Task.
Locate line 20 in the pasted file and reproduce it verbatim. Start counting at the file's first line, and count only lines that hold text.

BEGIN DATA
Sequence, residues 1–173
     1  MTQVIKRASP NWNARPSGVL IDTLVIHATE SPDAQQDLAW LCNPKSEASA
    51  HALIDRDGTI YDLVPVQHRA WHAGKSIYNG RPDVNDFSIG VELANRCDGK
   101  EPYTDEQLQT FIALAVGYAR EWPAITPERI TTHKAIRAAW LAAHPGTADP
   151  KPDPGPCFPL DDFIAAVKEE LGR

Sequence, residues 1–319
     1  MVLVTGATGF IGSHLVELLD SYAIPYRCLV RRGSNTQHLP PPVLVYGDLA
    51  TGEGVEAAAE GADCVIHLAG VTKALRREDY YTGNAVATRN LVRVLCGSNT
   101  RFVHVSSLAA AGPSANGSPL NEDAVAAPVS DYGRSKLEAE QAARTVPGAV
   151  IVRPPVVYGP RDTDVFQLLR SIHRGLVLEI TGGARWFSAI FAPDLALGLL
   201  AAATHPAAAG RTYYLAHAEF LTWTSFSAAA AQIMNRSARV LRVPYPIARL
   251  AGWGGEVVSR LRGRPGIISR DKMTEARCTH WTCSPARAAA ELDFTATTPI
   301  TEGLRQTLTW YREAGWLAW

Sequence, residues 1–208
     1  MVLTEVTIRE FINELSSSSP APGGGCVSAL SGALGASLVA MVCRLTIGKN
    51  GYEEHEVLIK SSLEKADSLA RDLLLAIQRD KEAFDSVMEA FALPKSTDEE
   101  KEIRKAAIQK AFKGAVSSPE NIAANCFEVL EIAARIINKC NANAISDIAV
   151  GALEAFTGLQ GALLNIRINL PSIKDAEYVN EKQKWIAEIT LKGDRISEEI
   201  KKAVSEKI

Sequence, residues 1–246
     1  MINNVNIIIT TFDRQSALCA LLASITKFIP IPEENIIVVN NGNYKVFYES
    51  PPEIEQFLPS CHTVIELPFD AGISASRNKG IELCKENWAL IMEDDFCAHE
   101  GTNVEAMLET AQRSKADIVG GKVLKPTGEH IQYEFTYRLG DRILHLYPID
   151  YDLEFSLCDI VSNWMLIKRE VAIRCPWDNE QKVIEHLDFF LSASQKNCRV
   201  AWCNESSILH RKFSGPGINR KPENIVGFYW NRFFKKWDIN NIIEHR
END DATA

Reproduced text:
Sequence, residues 1–246